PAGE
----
Sunday, September 30, 2018 By: Ask A Master Gardener

Fall is the Best Time to Plant Trees

Planting Trees in Fall
Allen Robinson: Ask a Master Gardener
Sunday, September 30, 2018
Q: Is it true that fall is a good time to plant new trees? If so, what do I need to do to be successful? Alex R., Tulsa
A: Fall is clearly the best time to plant most container-grown deciduous trees and those with balled and burlapped (B&B) root balls. This is because, in the fall, the trees have huge energy stores that are used for growing new roots rather than producing leaves and fruit. This will allow the tree to enter the following growing season much better able to handle the summer stresses. Also, although the air temperatures are dropping, the ground temperatures are still warm enough to encourage good root development for some time. The exception to this rule is that evergreen trees and bare-rooted plants should be planted in early spring.
Of all of the newly planted trees that die in the first few years, the problem is almost always due to faulty planting techniques and inadequate aftercare. So let’s discuss this.
First, it is best to dig a wide but shallow, saucer-shaped hole two to three times the diameter of the tree’s root ball and no deeper than the root ball itself. If you simply dig a hole the size of the root ball, particularly in clay soil, it will be similar to planting it in a clay pot and the tree will be either too dry or too wet much of the time. If you are planting in shallow clay soils, the hole should be shallow enough to elevate the crown of the root ball 2-3 inches above grade to help with overall root system drainage.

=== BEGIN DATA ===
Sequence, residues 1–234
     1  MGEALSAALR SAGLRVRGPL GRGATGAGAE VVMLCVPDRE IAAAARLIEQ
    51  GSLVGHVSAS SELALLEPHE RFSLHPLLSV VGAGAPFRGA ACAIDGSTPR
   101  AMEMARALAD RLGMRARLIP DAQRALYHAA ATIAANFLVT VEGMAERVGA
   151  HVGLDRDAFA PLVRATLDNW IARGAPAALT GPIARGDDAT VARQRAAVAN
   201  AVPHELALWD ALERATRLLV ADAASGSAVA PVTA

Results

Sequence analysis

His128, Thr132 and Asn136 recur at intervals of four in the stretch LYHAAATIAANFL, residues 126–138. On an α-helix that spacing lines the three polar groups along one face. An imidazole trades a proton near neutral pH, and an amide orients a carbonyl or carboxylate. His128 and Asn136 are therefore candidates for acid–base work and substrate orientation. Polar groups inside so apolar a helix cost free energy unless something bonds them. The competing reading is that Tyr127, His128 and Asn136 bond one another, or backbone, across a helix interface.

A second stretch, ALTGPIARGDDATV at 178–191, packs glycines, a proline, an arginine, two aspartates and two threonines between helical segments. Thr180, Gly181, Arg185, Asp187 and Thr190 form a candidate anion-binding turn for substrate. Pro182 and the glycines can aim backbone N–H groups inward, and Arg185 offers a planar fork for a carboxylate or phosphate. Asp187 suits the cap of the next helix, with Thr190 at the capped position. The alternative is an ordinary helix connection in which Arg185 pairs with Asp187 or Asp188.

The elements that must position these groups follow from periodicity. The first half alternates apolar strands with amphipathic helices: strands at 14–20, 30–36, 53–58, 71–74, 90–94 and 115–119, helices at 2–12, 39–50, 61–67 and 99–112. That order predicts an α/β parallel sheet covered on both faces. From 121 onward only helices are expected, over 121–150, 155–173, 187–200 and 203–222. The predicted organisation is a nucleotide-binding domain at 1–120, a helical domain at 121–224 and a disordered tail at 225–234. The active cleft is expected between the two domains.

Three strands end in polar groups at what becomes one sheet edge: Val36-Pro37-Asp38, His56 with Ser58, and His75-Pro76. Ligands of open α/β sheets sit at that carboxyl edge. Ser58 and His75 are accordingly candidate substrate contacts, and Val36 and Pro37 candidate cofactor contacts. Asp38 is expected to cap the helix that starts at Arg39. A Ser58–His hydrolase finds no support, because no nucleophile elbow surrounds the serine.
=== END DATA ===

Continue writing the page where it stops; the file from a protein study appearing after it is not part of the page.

When planting trees, it is recommended that you use only native soil for backfill. Studies have shown that trees do better if no amendments are added back to the native soil, as it may delay establishment and promote disease. If you decide to fertilize, apply a slow-release type only to the top of the soil after planting.
Eliminating grass from the tree’s base significantly improves growth rate and health. After planting, apply 2-4 inches of loose mulch in a 4- to 6-foot circle around the base of the tree and keep it well-mulched for the first three years. This circle will keep unwanted grass away from the dripline and commercial weed eaters away from the tree trunk.
All newly planted trees need supplemental watering for the first three years until a mature root system develops. They need at least 1 inch of water per week and more if extremely hot and windy conditions exist. Wilting of the trees’ leaves may indicate a need for more water, but be aware that too much water can also produce wilting. If in doubt, simply feel the sub-soil.
If the tree is on a slope or in a windy area, stake it only until the tree feels firm in the ground, which could take up to one year. After the first growing season, remove all stakes. If not removed, the stakes will adversely affect the tree’s structural integrity and delay tree growth.
For more detailed information on this subject, see OSU Fact Sheet L-440 (Tree Planting Guide).
Garden tips
 You can continue to replant or establish cool-season lawns like fescue until mid-month. The mowing height for fescue should be lowered to approximately 2½ inches for fall and winter cutting.
 Plant cool-season annuals like pansies, ornamental cabbage or kale, snapdragons and dusty miller when temperatures begin to cool. Begin planting spring-flowering bulbs like tulips, hyacinths, crocus and daffodils.
 There is still time to plant radishes and mustard in the fall garden. Use a cold frame device to plant spinach, lettuce and various other cool-season crops for production most of the winter.
 Take tropical water garden plants indoors when water temperatures near 50 degrees. Stop feeding fish at this temperature. Close the water garden for the winter by placing hardy plants in the deeper areas of the pool and cover it with bird netting to catch dropping leaves during the winter months.


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